Macular edema also has other causes. For example, age-related macular degeneration can lead to this condition. Also known as wet macular degeneration, this health issue involves the leaking of abnormal blood vessels into or under the retina. A genetic disease known as retinitis pigmentosa can also bring about swelling in the macula.
Anyone diagnosed with uveitis must watch for signs of macular edema. When a person’s immune system attacks the tissue in the eye, uveitis develops. This condition can bring about swelling in any part of the eye.
Retinal vein occlusion is a blockage in one or more veins in the retina. This prevents blood from draining, so the blood leaks into the macula. Finally, certain medications, such as those used to address glaucoma, can contribute to the development of macular edema.
Diagnosing Diabetic Macular Edema
When a diabetic visits the eye doctor, they will have their eyes dilated. Doing so allows the doctor to see the retina and other parts of the eye to examine them for damage. If the doctor needs a more detailed look, they will scan the retina to determine its thickness with the help of optical coherence tomography.
A fluorescein angiography may need to be done to see how blood flows through the vessels in the eye. During this test, the doctor injects a yellow dye into the veins. They then use a special camera to take pictures of the retina as the dye moves through the eye. This allows the doctor to see the extent of the damage.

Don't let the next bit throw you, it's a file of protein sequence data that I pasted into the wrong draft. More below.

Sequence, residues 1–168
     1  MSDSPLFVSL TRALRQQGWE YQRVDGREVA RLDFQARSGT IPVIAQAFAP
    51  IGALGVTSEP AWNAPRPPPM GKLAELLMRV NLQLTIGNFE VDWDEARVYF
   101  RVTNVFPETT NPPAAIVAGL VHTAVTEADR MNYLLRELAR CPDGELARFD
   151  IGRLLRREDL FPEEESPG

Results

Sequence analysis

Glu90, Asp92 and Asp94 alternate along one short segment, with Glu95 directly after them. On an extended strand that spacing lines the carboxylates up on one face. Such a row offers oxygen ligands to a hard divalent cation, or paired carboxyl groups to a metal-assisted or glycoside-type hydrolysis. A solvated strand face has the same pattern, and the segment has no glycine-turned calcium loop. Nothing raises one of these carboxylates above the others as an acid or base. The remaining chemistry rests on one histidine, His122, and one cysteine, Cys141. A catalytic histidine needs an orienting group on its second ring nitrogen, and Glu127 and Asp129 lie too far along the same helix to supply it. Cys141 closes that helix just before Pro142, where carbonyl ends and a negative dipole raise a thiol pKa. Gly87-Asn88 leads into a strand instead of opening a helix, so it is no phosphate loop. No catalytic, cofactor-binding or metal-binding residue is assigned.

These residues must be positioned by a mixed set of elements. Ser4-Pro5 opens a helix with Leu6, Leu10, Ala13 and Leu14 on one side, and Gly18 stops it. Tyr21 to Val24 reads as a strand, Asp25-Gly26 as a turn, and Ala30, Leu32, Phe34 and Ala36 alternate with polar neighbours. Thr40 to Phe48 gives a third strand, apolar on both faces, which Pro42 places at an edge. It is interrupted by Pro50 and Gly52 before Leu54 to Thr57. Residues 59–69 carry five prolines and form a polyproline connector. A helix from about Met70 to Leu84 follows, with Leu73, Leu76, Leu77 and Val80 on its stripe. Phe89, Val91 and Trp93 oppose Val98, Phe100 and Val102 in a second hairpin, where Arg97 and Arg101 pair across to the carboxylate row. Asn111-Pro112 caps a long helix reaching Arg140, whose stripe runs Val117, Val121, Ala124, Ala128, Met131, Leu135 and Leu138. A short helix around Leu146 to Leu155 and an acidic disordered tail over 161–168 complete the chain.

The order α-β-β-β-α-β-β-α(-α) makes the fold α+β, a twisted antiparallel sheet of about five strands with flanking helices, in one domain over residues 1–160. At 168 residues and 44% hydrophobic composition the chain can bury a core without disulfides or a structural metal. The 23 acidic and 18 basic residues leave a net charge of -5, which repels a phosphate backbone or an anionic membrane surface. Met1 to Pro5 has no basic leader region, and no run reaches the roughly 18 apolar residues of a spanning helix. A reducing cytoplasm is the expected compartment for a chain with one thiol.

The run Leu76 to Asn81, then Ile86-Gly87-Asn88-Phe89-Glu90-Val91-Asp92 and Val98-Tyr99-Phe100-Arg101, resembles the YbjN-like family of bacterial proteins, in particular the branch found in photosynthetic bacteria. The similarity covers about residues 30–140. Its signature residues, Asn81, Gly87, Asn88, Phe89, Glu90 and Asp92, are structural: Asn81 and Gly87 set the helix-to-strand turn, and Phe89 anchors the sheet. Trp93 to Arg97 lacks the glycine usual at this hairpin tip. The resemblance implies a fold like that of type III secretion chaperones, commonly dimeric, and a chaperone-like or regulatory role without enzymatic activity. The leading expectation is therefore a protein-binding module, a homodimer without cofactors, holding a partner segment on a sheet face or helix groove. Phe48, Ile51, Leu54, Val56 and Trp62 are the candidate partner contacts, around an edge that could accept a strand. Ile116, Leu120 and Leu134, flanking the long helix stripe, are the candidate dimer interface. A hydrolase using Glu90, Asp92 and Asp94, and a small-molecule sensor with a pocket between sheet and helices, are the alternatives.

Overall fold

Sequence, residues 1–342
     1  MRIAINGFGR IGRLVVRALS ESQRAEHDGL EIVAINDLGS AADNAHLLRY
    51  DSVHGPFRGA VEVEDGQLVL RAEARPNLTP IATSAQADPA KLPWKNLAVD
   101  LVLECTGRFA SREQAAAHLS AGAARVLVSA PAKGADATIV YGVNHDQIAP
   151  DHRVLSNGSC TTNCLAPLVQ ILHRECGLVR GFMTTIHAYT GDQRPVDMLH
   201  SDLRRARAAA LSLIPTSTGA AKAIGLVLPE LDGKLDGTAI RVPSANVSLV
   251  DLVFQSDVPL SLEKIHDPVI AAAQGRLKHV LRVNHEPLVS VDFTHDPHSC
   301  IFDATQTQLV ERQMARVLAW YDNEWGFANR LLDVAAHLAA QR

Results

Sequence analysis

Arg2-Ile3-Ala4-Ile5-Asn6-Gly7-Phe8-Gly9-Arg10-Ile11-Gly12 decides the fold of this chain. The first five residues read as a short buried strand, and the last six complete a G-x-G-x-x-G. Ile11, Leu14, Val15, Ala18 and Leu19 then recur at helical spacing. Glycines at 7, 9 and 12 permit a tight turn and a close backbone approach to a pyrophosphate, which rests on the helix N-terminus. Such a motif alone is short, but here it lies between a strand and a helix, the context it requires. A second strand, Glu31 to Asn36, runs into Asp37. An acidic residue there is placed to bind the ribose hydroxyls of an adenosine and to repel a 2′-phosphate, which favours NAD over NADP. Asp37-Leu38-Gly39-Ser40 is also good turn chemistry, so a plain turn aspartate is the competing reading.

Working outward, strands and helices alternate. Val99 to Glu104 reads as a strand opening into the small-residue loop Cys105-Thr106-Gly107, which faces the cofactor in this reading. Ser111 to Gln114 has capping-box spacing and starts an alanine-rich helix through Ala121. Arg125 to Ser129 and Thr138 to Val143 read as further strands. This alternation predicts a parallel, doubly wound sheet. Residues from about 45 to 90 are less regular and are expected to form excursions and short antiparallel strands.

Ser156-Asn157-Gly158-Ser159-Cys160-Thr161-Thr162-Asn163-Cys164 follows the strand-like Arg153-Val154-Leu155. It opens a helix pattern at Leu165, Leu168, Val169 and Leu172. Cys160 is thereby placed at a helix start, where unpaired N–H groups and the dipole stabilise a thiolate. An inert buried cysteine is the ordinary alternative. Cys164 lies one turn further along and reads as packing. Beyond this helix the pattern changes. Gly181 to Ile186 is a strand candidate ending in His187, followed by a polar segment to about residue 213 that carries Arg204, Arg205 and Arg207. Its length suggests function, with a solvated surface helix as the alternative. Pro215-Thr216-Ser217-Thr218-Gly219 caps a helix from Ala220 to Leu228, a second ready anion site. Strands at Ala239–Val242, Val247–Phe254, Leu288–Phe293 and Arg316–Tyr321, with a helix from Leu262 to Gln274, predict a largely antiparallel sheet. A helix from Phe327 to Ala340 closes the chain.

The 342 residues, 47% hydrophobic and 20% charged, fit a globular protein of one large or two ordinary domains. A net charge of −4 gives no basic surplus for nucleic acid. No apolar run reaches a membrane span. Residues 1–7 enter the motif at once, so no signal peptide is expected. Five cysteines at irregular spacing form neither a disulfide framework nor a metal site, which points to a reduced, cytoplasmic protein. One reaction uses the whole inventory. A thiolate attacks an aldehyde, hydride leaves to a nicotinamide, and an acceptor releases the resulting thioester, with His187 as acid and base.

Additional tests the doctor may recommend include an Amsler grid test and the visual acuity test. The Amsler grid is used to test a person’s central vision by having the patient look at a grid to see if any parts appear distorted or dark. The visual acuity test is the one most people are familiar with. The patient is asked to read a chart of letters.
Treating Macular Edema
Unfortunately, at this time, there is no cure for macular edema. The goal of treatment is to slow the progression of the disease while preventing additional damage. While the doctor may be able to reverse any damage if the disease is caught early enough, the retina permanently changes if the disease isn’t caught quickly.
To receive the best results from any treatment, the diabetic must get their blood sugar levels under control. The doctor may inject anti-vascular endothelial growth factor into the eye to stop the development of abnormal blood vessels. This medication also helps minimize the leakage from any blood vessels that have sustained damage. A patient will need several injections, but this treatment may improve vision and is now considered the standard treatment for macular edema.
Some patients receive corticosteroids as part of a treatment plan, or the doctor might recommend laser treatment or surgery. This depends on what the doctor finds during their exam and the test results. Speak with the doctor to learn about the benefits and drawbacks of each option.
Diabetic macular edema is a common condition seen in individuals with this chronic disease. For this reason, any person who has diabetes will need to see their eye doctor regularly. Make an appointment today, as your vision is too precious to lose.